- The Washington Times - Monday, May 18, 2020

Ohio Gov. Mike DeWine on Monday said the state is deploying officials to conduct compliance checks of bars and restaurants and that the businesses could lose their liquor licenses or face criminal action if they aren’t following social distancing rules.

“We saw in some places customers were not following the rules and the people running the bar were not taking responsibility. So both have to do that,” Mr. DeWine said, referring to recent images of crowded bars in the state.

He said customers have to be seated in bars and restaurants when they’re eating or drinking alcohol on the premises.

Mr. DeWine said people from various departments will work with the state’s Ohio Investigative Unit to step up enforcement.

“They will surge in to conduct safety compliance checks in crowded bars and restaurants. They will issue administrative citations that can result in the revocation of liquor licenses,” Mr. DeWine said.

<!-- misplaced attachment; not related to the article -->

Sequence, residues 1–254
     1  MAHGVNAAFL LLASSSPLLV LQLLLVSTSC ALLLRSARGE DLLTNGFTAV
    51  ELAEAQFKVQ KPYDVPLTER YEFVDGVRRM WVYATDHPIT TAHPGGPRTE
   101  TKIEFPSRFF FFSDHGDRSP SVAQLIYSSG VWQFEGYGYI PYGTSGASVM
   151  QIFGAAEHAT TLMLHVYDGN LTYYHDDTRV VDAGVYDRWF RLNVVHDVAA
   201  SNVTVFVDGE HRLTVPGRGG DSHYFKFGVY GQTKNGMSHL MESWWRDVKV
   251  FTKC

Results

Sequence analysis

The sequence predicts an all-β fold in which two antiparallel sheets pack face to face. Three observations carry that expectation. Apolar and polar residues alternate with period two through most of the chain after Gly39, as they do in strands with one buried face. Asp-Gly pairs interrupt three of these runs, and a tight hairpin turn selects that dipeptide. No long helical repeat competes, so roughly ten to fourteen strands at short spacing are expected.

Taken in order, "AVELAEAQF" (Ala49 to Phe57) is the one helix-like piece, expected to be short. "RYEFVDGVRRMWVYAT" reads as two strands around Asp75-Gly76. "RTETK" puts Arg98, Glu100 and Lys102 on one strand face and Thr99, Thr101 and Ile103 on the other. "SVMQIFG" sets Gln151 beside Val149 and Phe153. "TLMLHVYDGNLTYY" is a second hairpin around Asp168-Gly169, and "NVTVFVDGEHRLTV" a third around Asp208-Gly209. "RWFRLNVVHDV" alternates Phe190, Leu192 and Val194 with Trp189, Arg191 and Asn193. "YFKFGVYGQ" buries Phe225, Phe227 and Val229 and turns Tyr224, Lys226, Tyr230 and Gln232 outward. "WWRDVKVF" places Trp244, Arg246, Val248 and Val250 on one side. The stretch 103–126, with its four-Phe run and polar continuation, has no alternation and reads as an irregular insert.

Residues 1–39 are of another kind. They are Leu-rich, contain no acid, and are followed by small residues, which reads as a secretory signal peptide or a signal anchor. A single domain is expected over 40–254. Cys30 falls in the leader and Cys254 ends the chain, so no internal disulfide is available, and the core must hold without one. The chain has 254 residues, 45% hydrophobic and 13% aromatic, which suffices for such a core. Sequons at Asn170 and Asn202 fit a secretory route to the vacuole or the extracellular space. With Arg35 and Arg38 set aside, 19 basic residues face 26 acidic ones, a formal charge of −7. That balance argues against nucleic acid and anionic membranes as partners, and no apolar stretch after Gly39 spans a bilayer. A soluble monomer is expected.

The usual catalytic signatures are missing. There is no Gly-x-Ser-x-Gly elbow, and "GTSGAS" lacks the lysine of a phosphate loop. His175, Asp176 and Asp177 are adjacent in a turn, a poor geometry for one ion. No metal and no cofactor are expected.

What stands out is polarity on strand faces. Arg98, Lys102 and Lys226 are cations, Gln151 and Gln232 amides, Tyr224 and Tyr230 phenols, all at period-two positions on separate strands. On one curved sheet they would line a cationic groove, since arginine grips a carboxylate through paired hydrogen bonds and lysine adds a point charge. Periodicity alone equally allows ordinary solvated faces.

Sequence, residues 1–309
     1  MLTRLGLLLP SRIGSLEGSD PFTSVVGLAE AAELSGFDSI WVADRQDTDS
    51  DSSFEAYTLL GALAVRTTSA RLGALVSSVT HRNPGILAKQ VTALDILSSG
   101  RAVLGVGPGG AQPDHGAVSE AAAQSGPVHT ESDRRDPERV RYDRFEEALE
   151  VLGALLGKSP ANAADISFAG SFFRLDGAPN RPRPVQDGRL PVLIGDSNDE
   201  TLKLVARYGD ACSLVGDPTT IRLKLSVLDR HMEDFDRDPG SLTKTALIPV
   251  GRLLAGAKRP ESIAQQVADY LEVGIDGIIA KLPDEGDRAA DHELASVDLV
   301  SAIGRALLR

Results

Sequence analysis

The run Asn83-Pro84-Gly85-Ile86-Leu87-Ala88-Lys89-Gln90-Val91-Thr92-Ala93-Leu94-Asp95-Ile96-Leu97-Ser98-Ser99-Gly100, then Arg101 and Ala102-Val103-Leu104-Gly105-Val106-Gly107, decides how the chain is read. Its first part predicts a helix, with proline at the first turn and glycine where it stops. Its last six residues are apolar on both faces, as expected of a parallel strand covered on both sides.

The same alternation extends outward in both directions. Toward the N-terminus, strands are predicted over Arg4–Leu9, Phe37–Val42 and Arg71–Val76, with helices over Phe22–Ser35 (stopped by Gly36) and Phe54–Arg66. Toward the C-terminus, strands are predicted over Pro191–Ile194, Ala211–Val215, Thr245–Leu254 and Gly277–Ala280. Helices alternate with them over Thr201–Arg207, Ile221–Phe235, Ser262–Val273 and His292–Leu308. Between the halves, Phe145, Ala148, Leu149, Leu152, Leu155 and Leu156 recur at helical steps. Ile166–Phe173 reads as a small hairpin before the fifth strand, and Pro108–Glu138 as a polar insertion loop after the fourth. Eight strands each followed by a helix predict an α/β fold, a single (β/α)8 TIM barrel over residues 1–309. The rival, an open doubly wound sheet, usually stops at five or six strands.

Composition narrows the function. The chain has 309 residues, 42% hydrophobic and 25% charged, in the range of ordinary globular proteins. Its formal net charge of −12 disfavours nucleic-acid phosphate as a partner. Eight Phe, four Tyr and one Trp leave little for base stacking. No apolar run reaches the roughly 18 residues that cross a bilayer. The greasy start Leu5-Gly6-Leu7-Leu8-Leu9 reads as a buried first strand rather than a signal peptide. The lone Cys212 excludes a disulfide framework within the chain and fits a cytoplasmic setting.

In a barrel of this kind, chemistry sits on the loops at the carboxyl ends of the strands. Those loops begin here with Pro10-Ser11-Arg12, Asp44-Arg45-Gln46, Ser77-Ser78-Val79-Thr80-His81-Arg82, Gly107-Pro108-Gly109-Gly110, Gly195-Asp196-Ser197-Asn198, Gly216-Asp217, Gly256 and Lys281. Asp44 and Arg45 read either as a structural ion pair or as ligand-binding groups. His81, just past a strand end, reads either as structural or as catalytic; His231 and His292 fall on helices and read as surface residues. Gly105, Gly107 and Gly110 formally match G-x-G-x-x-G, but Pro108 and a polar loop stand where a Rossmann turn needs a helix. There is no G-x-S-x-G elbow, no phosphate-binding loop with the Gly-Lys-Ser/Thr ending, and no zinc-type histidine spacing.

He also said the officials will work with municipal prosecutors to take potential criminal action against “these bad actors.”

Mr. DeWine said bar and restaurant patrons can “absolutely” be cited as well if they don’t follow the rules.

“To my fellow Ohioans who at least by the pictures didn’t look like they thought that this remains a threat, let me just say it is a threat,” the governor said.

Mr. DeWine said most bars and restaurants were doing a decent job of controlling things despite some of the publicized “outliers.”
“This jeopardizes, frankly, our ability to move forward as a state,” he said.

Mr. DeWine had said on Sunday that officials did issue a citation to one Columbus bar.

Cincinnati Mayor John Cranley had warned over the weekend that bars could be shut down if necessary if customers didn’t abide by new rules putting limits on large parties and mandating that tables be at least six feet apart.

Outdoor service at the state’s bars and restaurants was allowed to resume on Friday and indoor services were slated to restart on May 21.

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